Rear seat room (with driver's seat set for 5'10" driver) was remarkable for a such a small car, with plenty of room for two 6' adults or three small children. My knees did not touch the front seatback. The rear seatback was comfortable. As in front, I wished for a little more thigh support. But toe space was good. My hair just brushed the headliner. The arm rest was uncomfortable; it seemed to be positioned too far forward and was too narrow.
The trunk was shallow but tall, and was expandable with the split fold-down seats. This car did not have a cargo net but one is available.
Exterior fit and finish looked fine from what I could tell--the car was not that clean and had some snow on it. The panel gaps were even, but the door gaps looked wider than on other cars and for the other panel gaps on this car. But this was not a sample flaw since all the ECHOs I saw looked the same. The doors closed easily, but not with the Lexus-like "thunk" that you get on some small cars with thicker doors.
The first thing I noticed when starting out was the short throws of the shifter and light clutch action. If the shifter had been a little less sticky, it would have been one of the best I've ever used. (Maybe it will loosen up over time.) The next thing I noticed was considerable engine noise when accelerating. It wasn't unacceptable for a small inexpensive car, but I guess I was expecting a quieter engine based I what I have read on all the posts about the ECHO. It also was not an unpleasant sound for me; I don't mind the hum of an engine winding when accelerating.
Acceleration was good, although I drove it only at 9/10ths during the test since it was brand new and I would probably not be buying it myself. At highway cruising speed (60-65 mph), the engine noise was quite noticeable but not excessive for a small car (the radio was off). There was significant wind noise from amidships; winds were calm during the test. The engine was quiet at idle, and there was no engine vibration through the shifter or steering wheel.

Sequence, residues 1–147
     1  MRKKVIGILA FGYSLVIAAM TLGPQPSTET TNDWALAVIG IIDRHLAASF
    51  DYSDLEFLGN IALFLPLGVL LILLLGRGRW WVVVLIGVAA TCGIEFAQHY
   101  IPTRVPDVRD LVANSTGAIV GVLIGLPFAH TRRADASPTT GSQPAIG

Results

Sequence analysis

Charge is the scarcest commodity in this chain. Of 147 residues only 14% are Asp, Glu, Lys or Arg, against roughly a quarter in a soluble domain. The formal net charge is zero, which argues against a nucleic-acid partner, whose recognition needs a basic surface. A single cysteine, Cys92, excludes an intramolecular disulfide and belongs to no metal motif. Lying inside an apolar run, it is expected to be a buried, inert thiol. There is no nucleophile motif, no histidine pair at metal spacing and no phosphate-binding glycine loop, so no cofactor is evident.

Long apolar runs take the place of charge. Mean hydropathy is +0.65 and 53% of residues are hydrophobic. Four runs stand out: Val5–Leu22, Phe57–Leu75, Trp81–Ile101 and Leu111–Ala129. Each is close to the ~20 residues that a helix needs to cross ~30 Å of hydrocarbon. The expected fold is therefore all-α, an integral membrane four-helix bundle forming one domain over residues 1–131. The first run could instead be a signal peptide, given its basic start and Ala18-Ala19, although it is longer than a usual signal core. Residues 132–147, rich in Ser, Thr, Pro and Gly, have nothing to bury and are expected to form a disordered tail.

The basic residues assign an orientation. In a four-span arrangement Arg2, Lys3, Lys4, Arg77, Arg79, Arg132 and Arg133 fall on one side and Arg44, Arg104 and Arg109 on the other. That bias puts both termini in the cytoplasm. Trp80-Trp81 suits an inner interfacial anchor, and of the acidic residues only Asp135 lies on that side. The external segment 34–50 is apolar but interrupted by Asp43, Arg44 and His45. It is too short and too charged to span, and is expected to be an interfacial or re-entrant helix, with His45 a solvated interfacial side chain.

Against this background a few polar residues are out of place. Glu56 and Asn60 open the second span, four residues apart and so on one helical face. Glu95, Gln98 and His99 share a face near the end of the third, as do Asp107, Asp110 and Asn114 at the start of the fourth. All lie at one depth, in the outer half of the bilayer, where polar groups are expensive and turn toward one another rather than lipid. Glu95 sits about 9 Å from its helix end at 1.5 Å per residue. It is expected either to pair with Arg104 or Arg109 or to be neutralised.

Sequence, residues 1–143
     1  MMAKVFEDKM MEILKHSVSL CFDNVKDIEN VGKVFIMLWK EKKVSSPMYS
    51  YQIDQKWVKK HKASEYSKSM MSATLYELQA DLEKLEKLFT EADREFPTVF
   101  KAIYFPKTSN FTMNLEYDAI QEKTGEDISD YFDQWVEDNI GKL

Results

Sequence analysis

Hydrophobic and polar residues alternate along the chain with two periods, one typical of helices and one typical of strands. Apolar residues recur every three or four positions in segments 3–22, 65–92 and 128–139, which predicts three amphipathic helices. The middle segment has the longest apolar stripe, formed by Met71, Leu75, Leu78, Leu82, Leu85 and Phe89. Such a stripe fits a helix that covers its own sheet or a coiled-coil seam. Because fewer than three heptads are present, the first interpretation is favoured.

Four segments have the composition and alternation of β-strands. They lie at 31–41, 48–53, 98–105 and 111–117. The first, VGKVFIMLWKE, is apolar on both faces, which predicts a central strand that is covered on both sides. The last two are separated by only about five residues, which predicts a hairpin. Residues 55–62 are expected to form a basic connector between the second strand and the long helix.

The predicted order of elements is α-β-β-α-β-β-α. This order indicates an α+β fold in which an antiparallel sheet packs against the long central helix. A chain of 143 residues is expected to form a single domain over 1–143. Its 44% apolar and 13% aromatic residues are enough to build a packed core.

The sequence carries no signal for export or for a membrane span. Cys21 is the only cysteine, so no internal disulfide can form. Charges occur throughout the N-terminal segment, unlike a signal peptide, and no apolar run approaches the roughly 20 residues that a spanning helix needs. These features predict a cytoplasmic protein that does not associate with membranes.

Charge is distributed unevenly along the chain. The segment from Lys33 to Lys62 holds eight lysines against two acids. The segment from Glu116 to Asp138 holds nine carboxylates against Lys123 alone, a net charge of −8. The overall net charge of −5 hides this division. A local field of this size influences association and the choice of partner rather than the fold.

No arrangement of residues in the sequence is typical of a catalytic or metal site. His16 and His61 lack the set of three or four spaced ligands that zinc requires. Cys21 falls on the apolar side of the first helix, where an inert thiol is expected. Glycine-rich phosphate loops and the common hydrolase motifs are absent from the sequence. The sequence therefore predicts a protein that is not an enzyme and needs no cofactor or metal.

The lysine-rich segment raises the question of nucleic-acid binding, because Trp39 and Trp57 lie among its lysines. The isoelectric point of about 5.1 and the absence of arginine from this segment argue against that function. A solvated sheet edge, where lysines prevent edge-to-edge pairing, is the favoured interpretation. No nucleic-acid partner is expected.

We drove down a bumpy city street (too many potholes patched way too many times) and the ride was firm, bordering on harsh. However, there were no squeaks or rattles. On the highway (smooth asphalt), the ride was much better with only small movements. Steering was accurate and the car tracked well. The car handled very well in turns, including cloverleafs; it was nimble and seemed like it would be fun to toss around (which I did not do since the salesman was with me). We drove through a good-sized dip with no drama (there were scrapes on the road from other cars that did not fare as well). Braking was smooth, easy to modulate. I did not try any hard stops.
The test drive took me back a quarter-century to the first car I ever owned, a '76 Toyota Corolla Deluxe 2-door sedan, price $3650. In many ways the ECHO reminded me of that car: few features, firm ride, good fit and finish, raucous engine when revved but quiet at idle, nimble handling. The ECHO was of course much roomier and I'm sure much safer, with dual air bags, side door beams and other modern safety features--in many respects a better car. But nothing can take the place of your first car.